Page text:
Learning to Empathize

Learning to Empathize

Are you journaling?  Maybe you’re keeping a log somewhere of your feelings and activities during the quarantine.  I will admit, I haven’t been keeping any regular record of this year’s events.  But I thought I would at least use this space to write about a few things I hope I don’t forget after things go back to “normal.”

We open up our church bulletins and read the words (usually at the end of our prayer list) “shut-ins.” I’m ashamed that there have been many times I have glanced right over this part of the document.  Maybe because I think I have the list memorized and I reassure myself, thinking that I’ll pray for them.  But often, it has been because I just really didn’t understand.

I’m not claiming to know how a person who is homebound feels.  After all, over the past few weeks, I’ve still had my sweet wife and children to enjoy.  But, perhaps I’m better equipped in some ways to empathize with and minister to those who have, even long before all this, been socially isolated, lonely, and in need.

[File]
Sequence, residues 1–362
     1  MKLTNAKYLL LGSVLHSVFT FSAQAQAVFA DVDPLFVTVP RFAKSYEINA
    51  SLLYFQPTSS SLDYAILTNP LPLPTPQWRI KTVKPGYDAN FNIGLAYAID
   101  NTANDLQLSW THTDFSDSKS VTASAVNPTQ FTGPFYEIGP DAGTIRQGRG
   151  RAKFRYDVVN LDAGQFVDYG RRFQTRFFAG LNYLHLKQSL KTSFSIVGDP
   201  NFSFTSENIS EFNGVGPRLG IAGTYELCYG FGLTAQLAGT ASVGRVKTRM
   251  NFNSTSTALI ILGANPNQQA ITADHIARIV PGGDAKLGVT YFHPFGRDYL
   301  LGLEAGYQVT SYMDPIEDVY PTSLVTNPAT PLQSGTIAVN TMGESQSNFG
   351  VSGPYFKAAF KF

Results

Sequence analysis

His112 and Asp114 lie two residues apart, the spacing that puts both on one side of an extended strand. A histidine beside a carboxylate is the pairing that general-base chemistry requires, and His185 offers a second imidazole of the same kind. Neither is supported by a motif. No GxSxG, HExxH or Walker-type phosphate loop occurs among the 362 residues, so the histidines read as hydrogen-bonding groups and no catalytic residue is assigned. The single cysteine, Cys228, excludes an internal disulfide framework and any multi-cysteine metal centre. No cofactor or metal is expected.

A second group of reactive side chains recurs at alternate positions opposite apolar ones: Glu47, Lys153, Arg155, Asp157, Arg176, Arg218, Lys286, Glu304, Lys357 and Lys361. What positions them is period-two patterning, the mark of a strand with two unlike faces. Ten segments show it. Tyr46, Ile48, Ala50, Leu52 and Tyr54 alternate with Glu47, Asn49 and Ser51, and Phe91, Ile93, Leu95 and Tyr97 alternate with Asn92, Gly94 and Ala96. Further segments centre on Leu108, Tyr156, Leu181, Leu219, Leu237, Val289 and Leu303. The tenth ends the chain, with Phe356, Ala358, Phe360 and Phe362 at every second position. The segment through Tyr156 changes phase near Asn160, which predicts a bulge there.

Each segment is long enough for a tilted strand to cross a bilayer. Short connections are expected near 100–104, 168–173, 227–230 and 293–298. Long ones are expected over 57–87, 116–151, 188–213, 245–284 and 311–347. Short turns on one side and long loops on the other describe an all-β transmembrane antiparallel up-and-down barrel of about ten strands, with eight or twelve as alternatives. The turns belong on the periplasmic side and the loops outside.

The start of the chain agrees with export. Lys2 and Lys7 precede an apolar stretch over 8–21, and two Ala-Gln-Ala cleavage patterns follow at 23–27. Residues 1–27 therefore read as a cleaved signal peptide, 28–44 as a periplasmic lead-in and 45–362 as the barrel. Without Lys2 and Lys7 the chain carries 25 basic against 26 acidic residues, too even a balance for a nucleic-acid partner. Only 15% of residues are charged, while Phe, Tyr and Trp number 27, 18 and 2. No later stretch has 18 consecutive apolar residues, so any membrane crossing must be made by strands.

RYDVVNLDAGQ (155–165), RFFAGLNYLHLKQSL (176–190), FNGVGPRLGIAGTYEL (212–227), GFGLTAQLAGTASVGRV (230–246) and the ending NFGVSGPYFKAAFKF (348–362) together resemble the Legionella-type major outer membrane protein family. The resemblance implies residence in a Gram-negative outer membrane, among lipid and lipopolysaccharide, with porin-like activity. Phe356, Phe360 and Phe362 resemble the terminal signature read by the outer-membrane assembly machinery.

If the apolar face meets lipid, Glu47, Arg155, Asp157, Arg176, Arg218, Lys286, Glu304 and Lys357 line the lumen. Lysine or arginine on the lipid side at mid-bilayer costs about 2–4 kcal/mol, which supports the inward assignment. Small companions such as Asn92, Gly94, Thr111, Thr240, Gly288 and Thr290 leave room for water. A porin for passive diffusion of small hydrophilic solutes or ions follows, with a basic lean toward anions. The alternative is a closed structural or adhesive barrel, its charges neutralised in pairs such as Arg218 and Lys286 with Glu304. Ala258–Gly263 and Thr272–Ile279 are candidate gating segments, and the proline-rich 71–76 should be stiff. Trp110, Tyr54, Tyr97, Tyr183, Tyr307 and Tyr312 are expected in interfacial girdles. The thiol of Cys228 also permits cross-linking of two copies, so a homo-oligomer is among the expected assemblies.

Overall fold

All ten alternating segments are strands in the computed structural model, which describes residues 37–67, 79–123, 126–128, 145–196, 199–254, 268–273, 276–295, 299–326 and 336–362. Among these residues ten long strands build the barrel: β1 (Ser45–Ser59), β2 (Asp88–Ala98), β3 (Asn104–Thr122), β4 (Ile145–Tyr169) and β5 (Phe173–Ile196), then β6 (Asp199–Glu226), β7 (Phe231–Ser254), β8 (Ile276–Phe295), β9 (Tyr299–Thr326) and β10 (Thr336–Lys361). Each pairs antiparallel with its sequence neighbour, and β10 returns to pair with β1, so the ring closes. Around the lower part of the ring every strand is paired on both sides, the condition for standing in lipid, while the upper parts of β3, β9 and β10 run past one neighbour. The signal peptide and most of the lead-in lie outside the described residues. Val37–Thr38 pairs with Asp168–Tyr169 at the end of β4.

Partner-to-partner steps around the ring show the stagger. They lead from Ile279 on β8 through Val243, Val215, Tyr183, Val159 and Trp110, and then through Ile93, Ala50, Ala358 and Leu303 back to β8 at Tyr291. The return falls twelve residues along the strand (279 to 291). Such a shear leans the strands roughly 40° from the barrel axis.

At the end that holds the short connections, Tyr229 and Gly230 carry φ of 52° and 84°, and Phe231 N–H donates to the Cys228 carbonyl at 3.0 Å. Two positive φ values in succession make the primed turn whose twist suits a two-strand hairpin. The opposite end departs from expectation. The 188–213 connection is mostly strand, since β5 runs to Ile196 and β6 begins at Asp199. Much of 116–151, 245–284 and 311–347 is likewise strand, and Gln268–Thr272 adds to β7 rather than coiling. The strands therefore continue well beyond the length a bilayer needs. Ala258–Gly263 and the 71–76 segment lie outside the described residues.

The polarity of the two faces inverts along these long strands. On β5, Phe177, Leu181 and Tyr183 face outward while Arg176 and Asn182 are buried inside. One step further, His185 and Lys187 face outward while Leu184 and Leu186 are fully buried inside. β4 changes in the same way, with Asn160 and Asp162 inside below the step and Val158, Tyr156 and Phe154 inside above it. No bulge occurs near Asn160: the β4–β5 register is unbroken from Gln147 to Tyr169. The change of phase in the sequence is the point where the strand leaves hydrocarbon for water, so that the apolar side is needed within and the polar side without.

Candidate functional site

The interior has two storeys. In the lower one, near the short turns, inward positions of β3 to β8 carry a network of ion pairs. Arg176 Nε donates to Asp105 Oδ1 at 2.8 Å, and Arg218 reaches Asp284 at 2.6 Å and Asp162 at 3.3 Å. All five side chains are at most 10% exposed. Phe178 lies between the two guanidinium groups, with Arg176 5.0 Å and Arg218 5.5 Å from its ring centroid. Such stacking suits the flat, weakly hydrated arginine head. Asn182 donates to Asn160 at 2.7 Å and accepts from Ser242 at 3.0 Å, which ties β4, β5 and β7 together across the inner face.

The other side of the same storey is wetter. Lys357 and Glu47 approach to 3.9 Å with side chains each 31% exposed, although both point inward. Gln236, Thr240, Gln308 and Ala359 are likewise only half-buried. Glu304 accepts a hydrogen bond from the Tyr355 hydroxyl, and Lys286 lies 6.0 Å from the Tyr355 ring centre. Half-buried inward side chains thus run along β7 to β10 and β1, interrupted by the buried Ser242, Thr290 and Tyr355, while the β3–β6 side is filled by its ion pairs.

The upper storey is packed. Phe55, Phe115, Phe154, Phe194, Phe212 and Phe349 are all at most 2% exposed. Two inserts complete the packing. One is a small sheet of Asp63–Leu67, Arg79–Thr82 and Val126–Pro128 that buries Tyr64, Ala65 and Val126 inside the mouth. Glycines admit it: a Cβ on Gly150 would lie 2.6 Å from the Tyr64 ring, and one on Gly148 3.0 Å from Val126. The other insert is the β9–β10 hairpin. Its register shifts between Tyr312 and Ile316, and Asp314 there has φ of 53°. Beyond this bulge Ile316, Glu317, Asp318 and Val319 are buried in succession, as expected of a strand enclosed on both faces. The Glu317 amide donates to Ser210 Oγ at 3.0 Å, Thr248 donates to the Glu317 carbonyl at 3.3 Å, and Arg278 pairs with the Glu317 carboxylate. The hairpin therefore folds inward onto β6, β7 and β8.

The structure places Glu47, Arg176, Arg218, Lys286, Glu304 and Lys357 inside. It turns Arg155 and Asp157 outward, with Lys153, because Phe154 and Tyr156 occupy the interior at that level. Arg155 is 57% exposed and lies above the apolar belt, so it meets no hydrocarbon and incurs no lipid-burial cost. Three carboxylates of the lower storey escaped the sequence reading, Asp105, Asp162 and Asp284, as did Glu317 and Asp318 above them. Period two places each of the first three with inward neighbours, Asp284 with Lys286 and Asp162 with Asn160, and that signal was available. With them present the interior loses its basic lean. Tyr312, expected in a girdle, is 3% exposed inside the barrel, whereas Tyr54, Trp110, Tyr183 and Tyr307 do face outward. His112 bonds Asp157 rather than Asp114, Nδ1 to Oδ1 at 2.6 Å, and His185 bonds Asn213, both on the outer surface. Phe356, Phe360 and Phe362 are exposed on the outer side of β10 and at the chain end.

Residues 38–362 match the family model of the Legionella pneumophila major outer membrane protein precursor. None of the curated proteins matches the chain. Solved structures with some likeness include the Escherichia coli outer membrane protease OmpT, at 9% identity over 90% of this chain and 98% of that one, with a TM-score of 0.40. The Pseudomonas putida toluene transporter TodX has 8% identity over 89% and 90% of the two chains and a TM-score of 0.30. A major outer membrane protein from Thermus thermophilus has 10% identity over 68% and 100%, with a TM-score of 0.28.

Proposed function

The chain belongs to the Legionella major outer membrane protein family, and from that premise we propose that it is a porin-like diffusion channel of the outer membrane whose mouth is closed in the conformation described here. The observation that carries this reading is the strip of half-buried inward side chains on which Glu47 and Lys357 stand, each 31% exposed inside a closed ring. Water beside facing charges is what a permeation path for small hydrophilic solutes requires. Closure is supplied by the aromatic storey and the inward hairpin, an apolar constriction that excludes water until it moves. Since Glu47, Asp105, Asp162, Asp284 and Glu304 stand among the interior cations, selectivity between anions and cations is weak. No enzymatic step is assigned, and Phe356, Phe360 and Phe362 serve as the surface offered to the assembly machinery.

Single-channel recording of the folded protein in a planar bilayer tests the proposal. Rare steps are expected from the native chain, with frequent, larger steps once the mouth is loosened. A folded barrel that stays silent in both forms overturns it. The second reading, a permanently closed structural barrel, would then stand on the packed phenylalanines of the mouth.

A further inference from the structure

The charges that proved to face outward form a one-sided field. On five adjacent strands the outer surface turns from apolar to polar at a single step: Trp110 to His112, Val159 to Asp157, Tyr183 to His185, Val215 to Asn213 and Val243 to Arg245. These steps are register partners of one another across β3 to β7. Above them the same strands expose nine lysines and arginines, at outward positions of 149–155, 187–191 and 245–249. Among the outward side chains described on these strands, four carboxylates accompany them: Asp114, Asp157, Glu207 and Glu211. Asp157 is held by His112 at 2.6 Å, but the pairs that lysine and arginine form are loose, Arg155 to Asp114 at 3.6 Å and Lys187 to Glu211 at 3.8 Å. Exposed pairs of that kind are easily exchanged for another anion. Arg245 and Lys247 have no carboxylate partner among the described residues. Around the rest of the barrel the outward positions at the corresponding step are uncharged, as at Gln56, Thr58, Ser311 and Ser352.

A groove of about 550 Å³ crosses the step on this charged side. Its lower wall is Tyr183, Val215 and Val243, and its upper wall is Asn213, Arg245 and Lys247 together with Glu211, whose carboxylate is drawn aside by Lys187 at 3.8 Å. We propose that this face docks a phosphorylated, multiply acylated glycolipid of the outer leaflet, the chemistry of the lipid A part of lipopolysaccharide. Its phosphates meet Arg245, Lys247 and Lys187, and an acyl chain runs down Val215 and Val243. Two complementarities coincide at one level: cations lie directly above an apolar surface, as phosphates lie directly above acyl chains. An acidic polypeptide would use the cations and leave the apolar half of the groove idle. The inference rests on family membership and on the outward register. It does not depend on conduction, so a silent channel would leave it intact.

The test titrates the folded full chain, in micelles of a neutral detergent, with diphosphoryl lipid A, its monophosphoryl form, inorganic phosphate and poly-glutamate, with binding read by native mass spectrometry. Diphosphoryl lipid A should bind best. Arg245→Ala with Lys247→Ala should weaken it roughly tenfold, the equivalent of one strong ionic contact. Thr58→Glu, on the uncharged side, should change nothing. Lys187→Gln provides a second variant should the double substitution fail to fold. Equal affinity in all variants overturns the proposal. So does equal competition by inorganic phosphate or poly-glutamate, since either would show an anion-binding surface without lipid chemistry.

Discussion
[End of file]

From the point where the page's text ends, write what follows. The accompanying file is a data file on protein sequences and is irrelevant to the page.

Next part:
Now, when I hear that someone is “shut-in” because their immune system won’t allow them to be near others, or they simply lack the strength to get out, I hope I’ll do more than pray.  I hope I’ll visit if that’s an option or call them and talk for as long as they need to talk.  Maybe I’ll invite them to a Zoom meeting where they can see and hear a few friends laugh and visit.  I want to do those things because the emptiness caused by being physically separated from friends and family isn’t something I’ll soon forget.

So, yes, reach out to each other now, as we are ALL shut-ins in some sense.  But I, for one, hope that I always remember this feeling and that I will be a better friend to those who find themselves missing the warmth of a friendly smile, a conversation, or a hug around the neck. (Luke 6:31)

-Darrell

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